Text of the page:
Hang Paper on a Wall Using Scissors

My two wheel spins gave me "hange a piece of paper on the wall" using "scissors".

Results of my wheel spins.

In order to better understand how we can use tools for things they were not intended for, I spun two wheel and got to figure out how to attached a piece of paper to a wall using scissors. I made a video to show my method for doing this.

This process really got me thinking about how many tools can be utilized for new purposes both inside and outside the classroom. It turns out that the hardest part I found was not being able to scissors as a make-shift push-pin… though that would be a possibility. There have been countless times that I have had to improvise on the spot while teaching chemistry lab. You know… something isn’t working right so I have to figure out how to do the same thing with other tools. Not only does this happen in science labs, it also happens in classroom settings. I am just now beginning to get a grip on using cell phones to facilitate better dialog with my students both inside and outside the classroom. Many tools that we use all the time, can be used for a variety of unintended purposes.

Redesign Science Labs to Redefine Student Learning

Lab gloves on a tablet that says "The Digital Lab"

SOURCE: Annthea Lewis; Shutterstock

The laboratory is a fundamental part of science courses. As such, it is critically important to properly move it into the digital environment. In the traditional lab, pairs of students work on a physical activity. This activity often emphasizes a topic that is being covered concurrently in the lecture portion of the course. The students record data from the laboratory experiment and then work together to analyze the data that they have collected. Once the analysis is complete, the student often need to write up their experience as a lab report which described what they did, what results they got, what their analysis entailed, and an interpretation of their results in terms of the topic for the laboratory experiment.

Transitioning the traditional laboratory experiment into the digital realm has to involve three components. First, the laboratory experiment itself needs to be converted. Second, there needs to be a method of digital interactivity between lab partners during the experiment as well as during the subsequent data analysis. Finally, there need to be digital collaboration while creating the lab report.

It is important to find a fully online solution for laboratory experiments. Luckily, Late Nite Labs provides just such a solution. Late Nite Labs offers totally online labs which simulate the real-world laboratory environments. Additionally they provide labs for biology, chemistry, and physics. These attributes make it ideal for converting a traditional laboratory setting into a digital setting.

The difficulty lies in the interaction during the experiment. As far as I can tell, Late Nite Labs does not seem to provide for student interaction. It seems that the students work on experiments on their own. This means that another service is needed to be able to include the interaction between lab partners. After having used WebEx a few times, it should be possible for students to use WebEx to collaborate. One student can have Late Nite Labs open and share their screen while they work on the lab. This would allow both students to observe the experiment and record the results and discuss what they are seeing in real time. Additionally, splitting the lab into two halves, one student could lead part one, while the other student leads part two. Ultimately using WebEx in this way would provide nearly the same collaborative lab experience that students get in a traditional lab setting.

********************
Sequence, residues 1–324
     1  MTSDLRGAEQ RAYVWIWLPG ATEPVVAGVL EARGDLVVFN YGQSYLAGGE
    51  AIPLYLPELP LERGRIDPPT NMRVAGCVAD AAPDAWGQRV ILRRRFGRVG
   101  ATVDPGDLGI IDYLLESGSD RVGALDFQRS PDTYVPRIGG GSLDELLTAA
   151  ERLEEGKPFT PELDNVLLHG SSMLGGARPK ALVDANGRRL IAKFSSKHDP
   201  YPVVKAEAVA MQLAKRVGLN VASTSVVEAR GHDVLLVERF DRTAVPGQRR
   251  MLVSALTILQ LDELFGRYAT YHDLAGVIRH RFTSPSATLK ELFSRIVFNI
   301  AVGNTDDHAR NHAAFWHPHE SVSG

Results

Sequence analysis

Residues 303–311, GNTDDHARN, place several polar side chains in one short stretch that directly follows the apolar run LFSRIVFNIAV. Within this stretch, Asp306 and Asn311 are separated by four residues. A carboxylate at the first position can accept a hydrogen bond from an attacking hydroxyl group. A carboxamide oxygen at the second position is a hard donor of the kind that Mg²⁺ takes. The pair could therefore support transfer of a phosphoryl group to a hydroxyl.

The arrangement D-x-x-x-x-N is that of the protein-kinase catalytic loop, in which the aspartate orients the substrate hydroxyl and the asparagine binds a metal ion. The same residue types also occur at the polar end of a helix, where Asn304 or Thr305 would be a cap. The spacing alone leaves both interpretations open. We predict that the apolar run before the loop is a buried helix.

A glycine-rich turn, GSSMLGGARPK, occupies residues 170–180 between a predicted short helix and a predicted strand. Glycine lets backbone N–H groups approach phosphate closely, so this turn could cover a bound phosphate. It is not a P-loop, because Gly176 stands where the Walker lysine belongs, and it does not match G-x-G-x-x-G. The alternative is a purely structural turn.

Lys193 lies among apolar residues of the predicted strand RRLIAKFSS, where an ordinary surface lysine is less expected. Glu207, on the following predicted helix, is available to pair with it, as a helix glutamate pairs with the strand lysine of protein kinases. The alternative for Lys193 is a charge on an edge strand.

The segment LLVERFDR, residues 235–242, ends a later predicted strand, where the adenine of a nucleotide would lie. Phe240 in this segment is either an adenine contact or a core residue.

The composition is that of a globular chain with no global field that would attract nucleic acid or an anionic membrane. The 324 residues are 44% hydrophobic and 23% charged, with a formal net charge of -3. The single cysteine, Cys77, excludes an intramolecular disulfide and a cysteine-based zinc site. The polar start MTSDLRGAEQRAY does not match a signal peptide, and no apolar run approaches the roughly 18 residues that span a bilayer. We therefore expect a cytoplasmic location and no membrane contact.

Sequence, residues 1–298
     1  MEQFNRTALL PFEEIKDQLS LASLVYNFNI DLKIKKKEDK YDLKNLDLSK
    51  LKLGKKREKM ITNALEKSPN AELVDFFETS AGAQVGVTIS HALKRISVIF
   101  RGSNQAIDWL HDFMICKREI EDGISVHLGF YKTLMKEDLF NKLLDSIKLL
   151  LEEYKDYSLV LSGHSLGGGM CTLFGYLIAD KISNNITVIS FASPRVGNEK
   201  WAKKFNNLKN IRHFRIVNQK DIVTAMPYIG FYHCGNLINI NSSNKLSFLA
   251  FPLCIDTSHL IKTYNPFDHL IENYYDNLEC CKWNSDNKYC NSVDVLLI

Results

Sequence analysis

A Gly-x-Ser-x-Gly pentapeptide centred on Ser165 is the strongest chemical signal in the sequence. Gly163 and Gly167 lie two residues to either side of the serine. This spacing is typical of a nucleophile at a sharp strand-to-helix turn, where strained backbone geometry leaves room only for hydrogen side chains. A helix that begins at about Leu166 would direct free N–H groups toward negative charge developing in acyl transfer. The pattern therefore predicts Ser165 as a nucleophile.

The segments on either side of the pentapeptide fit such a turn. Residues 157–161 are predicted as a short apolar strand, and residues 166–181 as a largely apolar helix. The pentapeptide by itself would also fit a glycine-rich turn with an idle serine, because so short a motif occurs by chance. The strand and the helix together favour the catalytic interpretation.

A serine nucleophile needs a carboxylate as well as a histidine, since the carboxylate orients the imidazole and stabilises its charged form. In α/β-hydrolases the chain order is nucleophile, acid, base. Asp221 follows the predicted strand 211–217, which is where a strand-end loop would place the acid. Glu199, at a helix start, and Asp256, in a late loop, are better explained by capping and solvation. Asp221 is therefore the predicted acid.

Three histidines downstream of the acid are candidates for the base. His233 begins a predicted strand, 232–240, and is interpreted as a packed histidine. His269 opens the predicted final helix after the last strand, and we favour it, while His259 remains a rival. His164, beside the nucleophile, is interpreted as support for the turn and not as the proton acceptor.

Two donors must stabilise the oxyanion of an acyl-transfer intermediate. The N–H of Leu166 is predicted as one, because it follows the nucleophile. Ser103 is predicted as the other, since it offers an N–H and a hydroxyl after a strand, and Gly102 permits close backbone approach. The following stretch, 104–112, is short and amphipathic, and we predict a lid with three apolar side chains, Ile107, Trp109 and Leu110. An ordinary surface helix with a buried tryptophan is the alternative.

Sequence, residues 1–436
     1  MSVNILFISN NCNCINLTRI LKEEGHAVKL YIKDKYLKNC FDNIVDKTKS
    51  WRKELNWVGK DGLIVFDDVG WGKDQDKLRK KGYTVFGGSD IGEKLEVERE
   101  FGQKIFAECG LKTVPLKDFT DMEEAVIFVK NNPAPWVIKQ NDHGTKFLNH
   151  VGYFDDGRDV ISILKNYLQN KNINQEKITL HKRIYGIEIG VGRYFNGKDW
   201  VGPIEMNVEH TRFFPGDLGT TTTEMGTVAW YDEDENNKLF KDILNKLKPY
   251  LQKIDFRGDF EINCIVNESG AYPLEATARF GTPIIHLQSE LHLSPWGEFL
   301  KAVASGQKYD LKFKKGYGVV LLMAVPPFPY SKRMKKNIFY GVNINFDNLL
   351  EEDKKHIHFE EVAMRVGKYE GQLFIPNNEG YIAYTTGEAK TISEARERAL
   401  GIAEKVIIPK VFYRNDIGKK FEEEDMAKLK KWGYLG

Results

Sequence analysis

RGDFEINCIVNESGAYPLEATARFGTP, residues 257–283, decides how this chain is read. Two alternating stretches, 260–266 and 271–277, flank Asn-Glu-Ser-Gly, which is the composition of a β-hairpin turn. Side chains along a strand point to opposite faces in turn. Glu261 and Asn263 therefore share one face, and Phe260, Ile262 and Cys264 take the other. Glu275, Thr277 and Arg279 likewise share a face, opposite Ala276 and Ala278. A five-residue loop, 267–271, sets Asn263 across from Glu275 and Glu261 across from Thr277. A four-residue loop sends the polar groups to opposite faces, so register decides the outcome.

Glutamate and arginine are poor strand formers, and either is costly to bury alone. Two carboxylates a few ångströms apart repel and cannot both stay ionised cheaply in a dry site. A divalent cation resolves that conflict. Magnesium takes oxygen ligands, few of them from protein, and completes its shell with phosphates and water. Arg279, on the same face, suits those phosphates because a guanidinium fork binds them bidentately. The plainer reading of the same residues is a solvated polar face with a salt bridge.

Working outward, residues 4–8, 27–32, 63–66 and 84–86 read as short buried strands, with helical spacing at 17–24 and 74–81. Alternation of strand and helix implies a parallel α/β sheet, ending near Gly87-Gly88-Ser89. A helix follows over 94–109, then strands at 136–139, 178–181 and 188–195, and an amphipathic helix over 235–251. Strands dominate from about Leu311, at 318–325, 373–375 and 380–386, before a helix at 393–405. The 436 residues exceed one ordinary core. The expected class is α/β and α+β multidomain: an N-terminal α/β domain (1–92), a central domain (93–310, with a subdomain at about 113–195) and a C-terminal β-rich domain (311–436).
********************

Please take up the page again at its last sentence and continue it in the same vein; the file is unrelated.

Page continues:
Google Docs is a perfect solution for the final part of the collaborative lab experience, writing a laboratory report. Both students could work on the same document after they finish performing the lab experiment. Additionally, they could remain on WebEx after completion of the lab so they can discuss what they are writing as they write it.

The combination of Late Nite Labs, WebEx, and Google Docs will allow traditional science labs to move into the digital realm while maintaining the collaborative nature and educational value of the traditional science lab. This redesigned system would improve upon the traditional lab environment in that it would allow students who are separated by large distances to perform laboratory experiential in the same way the traditional lab student.

In general, this assignment has gotten me to think outside the box a bit. It made me utilize multiple tools in different ways and in combinations with each other to solve a single, complex problem. Mainly science faculty members get information via email regarding Late Nite Labs, WebEx, or Google Docs, but none of them discuss how to utilize them all to acheive something that none of them can do individually. By merging Late Nite Labs along with WebEx and Google Docs, I was able to incorporate all the collaborative learning experiences that we get in traditional Labs while maintaining a totally online experience. From now on, I need to keep in mind that not only do I need to think about new technology tools in my course, but also look at using multiple tools together to achieve even more.